HealthManagement, Volume 7 - Issue 2, 2012 HIT

Kpmg Report: Tech-Savvy Baby Boomers to Drive Demand for E-Health

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The report from KPMG together with the Manchester  Business School, Accelerating Innovation: The power  of the crowd, is based on in-depth interviews with ehealth  executives representing 15 countries, as well as  insights from KPMG's global healthcare partners. Due  to changing demographics, the need to reduce costs  and to increase the quality of care, e-health is seen as  a crucial approach to address the global imperative to  improve and advance healthcare.  

Nearly 60 percent of the healthcare executives interviewed  said that the top two drivers of e-health will be  patient expectation (61 percent) and an increase in efficiency  (58 percent). More than 30 percent of respondents  said that the main barrier to sustainable e-health  systems is funding (34 percent), while 29 percent believed  it to be professional attitudes.  

According to Dr. Mark Britnell, KPMG's Global Chair  for Health and a partner in the UK firm: "Implementing  e-health requires conviction and commitment, but the  benefits to patients can be enormous if done well. Our  global study offers direction for success and showcases  leading examples which can give decision makers the  confidence and courage to press on."  

"In order for ehealth systems to deliver on the promises  of reduced costs and improved quality of care, clinicians  will need to be brought on board – either willingly or in  response to consumer demand," Britnell added.  

"Today's smartphone user is tomorrow's patient who  wants greater access and control of their healthcare and  their medical records," said Jan De Boer, Global Health IT  Lead for KPMG in the Netherlands. "And, along with patients,  tech-savvy clinicians need to be seen not as a force  to be won over, but as a catalyst for change."  

To create real change in the healthcare system, through  telehealth or telemedicine, the report cites three conditions  essential for success:  

  • Crowd-accelerated innovation;  
  • Collaborative alignment; and  
  • Creative dislocation.  

Crowd accelerated innovation denotes the impact and  influence of the collective – when many people come together  to affect change, such as in the human genome  project or the free internet encyclopedia, Wikipedia. Collaborative  alignment requires the focused interests and efforts  of a wide range of participants. Creative dislocation  proposes that process and systems must be abandoned to  move forward, such as digital imaging versus conventional  film x-rays.  

Successful projects that employ these approaches include  the Care Connectivity Consortium (CCC) in the US,  Singapore's National Electronic Health Record system  (NEHR) and Denmark's e-health portal,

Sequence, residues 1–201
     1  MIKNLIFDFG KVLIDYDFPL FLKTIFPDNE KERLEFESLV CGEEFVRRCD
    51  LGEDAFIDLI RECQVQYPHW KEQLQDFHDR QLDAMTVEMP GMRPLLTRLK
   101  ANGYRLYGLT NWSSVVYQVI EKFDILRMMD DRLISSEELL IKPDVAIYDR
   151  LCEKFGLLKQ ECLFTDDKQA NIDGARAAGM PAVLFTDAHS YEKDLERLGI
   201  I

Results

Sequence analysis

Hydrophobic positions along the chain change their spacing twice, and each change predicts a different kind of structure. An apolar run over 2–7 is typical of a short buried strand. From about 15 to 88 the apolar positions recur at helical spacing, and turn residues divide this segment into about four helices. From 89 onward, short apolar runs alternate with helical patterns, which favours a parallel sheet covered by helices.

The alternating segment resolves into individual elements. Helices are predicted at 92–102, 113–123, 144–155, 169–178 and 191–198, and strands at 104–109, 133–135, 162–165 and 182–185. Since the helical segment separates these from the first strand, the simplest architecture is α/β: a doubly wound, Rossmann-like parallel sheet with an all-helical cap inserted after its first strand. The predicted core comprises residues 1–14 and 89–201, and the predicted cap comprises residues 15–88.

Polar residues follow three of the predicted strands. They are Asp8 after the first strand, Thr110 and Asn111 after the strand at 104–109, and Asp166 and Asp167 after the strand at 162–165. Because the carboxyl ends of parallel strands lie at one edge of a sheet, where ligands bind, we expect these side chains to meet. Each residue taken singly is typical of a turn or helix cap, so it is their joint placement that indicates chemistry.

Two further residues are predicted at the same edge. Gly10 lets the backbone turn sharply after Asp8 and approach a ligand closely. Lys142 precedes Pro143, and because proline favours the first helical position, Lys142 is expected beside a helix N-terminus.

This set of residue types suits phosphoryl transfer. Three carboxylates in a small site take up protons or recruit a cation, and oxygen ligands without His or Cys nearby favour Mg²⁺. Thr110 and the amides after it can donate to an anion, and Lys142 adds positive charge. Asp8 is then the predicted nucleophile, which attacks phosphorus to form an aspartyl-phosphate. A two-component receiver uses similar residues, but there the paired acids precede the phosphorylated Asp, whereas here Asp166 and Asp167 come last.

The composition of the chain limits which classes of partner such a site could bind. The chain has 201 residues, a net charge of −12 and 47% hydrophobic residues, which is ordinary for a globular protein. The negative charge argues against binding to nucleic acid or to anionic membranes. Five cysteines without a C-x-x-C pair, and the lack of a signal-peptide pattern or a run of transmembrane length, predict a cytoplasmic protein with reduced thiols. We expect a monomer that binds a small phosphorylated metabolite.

Recently the UK Department of Health released its  "Headline Findings" on the Whole System Demonstrator  project, the largest randomised control trial of its kind in  the world. This investigation of telehealth and telecare  reveals that "if used correctly, telehealth can deliver a 15  percent reduction in acute and emergency patient visits, a  20 percent reduction in emergency admissions and a 45  percent reduction in mortality rates."  

"While there is no single path to e-health transformation,  it is too important and too expensive for organisations  to repeat the mistakes of their peers," said Britnell. "Indeed,  much value will come from sharing lessons between  countries, systems, institutions and professionals."  

Neelie Kroes, Vice-President of the European Commission  responsible for the Digital Agenda eHealth attended  the conference and believes, “Building the evidence  base is essential to deploying e-Health. Once we have  concrete facts and figures, it is much easier to convince  others they should take the same road. And it will be  easier for them to put their money where their mouth is.”  Kroes was particularly impressed with one example from  the report: “Hong Kong has cut hospital re-admissions  by 25 percent! It did this through introducing a basic ehealth  registration, hospital admission and risk reduction  programme for the elderly. No wonder it will now be extended  to all seven million citizens in Hong Kong.”  

One key opportunity for e-health lies in care for the elderly,  which is increasingly important in our ageing society.  For Kroes the most important thing is getting all stakeholders  together: Public and private sectors; finance; industry,  carers and physicians. In this context ICT can work  to its true potential. She went on to say that talking is not  enough: “I do not just want a forum for discussion – I want  action and outcomes.” Her three proposed actions are innovative  solutions to prevent falls, promoting successful  integrated care models for chronic diseases among the  elderly (e.g. by using remote monitoring) and getting 30  European regions to work together on innovative ways to  ensure patients follow their prescriptions.

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The report from KPMG together with the Manchester Business School, Accelerating Innovation: The power of the crowd, is based on in-depth interviews with...

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